Go North Or South, Afl, Not West Of The East

The Age

Saturday May 10, 2008

Martin Flanagan

The AFL is ignoring the strong football traditions and rich pickings of Tasmania and Darwin in its reckless determination to gamble on Blacktown.

I ONCE sat beside Jimmy Krakouer, North Melbourne's Aboriginal champion, at a dinner when he was awarded the prize for The Age Footballer of the Year. Jimmy was shy and ultra-polite, never once saying no to a waiter. Plates of food and glasses of wine accumulated in front of him. He touched none of them. I asked Jimmy how he dealt with fame. "You never forget where you're from," he said.

I'm from Tasmania. The push is on to get a Tasmanian team in the AFL. The AFL, meantime, has committed to expanding the competition by starting new teams in western Sydney and the Gold Coast. Both projects are highly speculative. The Gold Coast has some existing football culture. Blacktown, where the AFL has said it will base its new Sydney club, appeared to have none when I visited a couple of months ago until I went into the local TAB and was told that 40 per cent of the agency's clientele follow the Swans.

If the Gold Coast and western Sydney initiatives come off, those who made the new teams happen will be hailed as visionaries. You can't fault the AFL for trying to take the game to the nation's growth areas. But that doesn't guarantee either project's success. Rugby league has got off to a fearsomely good start on the Gold Coast through the Titans. Soccer is on its way. How much potential for growth exactly is there? As for western Sydney, putting a team in place is one thing. Getting the locals to attach themselves in numbers is quite another. But any serious discussion on the future of football should also consider Darwin and Tasmania.

Darwin is critical to the future of Australian football. How important? As important as the next Cyril Rioli. For me, the question to be asked in relation to the future of the AFL is which game, which code, is the next Nathan Buckley, the next James Hird, the next Andrew McLeod, likely to play? Hird and McLeod both played soccer as kids and it's not too hard imagining them excelling at that sport. The AFL needs a team in Darwin and I reckon it needs it now. Nothing - I repeat nothing - would fire interest in Australian football more than an AFL team coming out of Darwin. The excitement generated in recent years by indigenous players would look small-scale if the Darwin football community, which includes the Tiwis, got seriously involved.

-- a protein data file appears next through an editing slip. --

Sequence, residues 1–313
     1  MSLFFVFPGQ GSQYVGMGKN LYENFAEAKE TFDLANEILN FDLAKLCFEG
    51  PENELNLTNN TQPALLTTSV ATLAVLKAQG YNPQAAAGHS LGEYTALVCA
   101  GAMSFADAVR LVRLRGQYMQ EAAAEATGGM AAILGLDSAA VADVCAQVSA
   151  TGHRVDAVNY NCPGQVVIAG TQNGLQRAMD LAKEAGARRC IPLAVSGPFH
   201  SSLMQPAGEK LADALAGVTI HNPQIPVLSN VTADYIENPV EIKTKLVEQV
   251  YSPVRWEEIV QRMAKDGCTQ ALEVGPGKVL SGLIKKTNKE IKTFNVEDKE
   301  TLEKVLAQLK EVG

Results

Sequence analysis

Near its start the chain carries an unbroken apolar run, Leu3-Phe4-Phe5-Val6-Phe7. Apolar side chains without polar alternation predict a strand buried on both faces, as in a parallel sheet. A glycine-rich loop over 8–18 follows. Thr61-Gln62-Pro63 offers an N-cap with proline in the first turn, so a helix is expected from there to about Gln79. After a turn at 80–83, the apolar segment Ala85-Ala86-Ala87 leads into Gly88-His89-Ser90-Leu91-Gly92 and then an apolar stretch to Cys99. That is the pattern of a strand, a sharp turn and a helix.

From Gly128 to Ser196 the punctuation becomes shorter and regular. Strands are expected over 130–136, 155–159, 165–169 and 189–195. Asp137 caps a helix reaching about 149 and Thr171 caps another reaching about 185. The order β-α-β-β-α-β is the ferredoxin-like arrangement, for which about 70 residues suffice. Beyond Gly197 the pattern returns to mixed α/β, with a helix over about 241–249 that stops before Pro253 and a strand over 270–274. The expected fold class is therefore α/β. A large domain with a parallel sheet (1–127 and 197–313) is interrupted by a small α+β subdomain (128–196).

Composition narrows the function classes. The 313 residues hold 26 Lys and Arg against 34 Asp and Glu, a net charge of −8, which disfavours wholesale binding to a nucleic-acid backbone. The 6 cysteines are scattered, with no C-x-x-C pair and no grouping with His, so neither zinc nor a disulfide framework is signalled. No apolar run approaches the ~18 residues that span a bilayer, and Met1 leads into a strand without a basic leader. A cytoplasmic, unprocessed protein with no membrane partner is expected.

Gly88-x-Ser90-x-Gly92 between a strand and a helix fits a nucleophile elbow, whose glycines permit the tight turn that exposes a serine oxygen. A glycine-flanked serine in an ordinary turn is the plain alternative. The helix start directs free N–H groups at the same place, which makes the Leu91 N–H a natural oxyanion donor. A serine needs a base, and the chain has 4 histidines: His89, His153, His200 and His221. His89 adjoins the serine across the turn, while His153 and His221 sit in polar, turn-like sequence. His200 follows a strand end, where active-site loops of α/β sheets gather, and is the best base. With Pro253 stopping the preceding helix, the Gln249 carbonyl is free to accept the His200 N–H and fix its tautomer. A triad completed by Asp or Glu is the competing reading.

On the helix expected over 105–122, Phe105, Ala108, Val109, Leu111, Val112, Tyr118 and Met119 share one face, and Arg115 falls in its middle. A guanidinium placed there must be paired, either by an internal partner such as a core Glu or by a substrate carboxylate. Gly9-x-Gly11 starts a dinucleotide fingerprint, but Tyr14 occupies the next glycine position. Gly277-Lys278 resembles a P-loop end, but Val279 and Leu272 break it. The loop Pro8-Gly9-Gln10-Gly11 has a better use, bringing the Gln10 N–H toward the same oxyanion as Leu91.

Tasmania is a different case. It is one of the original football states. Its football history is nearly as old as Victoria's (older if you believe a historian down there who says a game approximating football was played in Tasmania before 1858). Tasmanian Premier Paul Lennon has an approval rating only marginally better than that of US President George Bush due to his perceived closeness to giant woodchipping company Gunn's and its deeply unpopular mill on the Tamar River. Getting a Tassie team into the AFL is the sort of miracle he requires to restore his public appeal to manageable levels.

Having previously opened the Tasmanian Government's chequebook to back the Hawthorn Football Club's visits to the island, Lennon's Government is now spearheading the drive for a Tassie AFL team. The local media have mustered behind him, former greats such as Peter Hudson have climbed aboard and the bandwagon is about to get rolling.

To come from a place and follow footy is to know where the game comes from. In my case, that's not only towns but also particular paddocks where games were played because my father remembers back to the 1920s. There's also a lineage of great players in Tasmanian football whose stories touch my own - for example, Ivor Warne-Smith. My grandfather went to Hobart only once in his life. Why? To see Warne-Smith play.

I wrote a few weeks ago about the old Tassie guernsey, a work of football art in its own right. Some readers were distressed that in recalling great Tasmanian players, I hadn't mentioned Laurie Nash. That's because Laurie went to the same Catholic primary school in Richmond as Jack Dyer. His old man took the pub at Parattah in the Tasmanian Midlands when Nash was in his teens.

Nash is one of the few people I would consider calling a sporting genius. What couldn't he do? In footy, he played centre half-forward with the wind, centre half-back against it. In cricket, he opened the bowling for Australia and would have inflicted a lot more damage had his career not got entangled with the politics of the Bodyline series.

As a schoolkid in Launceston during the Great Depression, my father saw Nash play football and cricket. Believe me, I would have had Nash in my team if I possibly could have.

If, as is now said, the financial problems that precluded Tasmania from having its own AFL team have been overcome, then Tasmania has a right to be seriously considered not only now but in the future if a Victorian club has to consider relocation. True, were a licence granted to Tasmania, there would immediately be an insane power struggle over whether the team should be based in Launceston or Hobart.

The north of the island tried to secede in the early days and form a separate colony and, in this respect, not a lot has changed. But that feud is minor compared with the problems awaiting those responsible for getting the game to take root in western Sydney and flourish. In one place, the game is an organ of the culture. In the other, it isn't.

I know which I think is the bigger gamble.

© 2008 The Age

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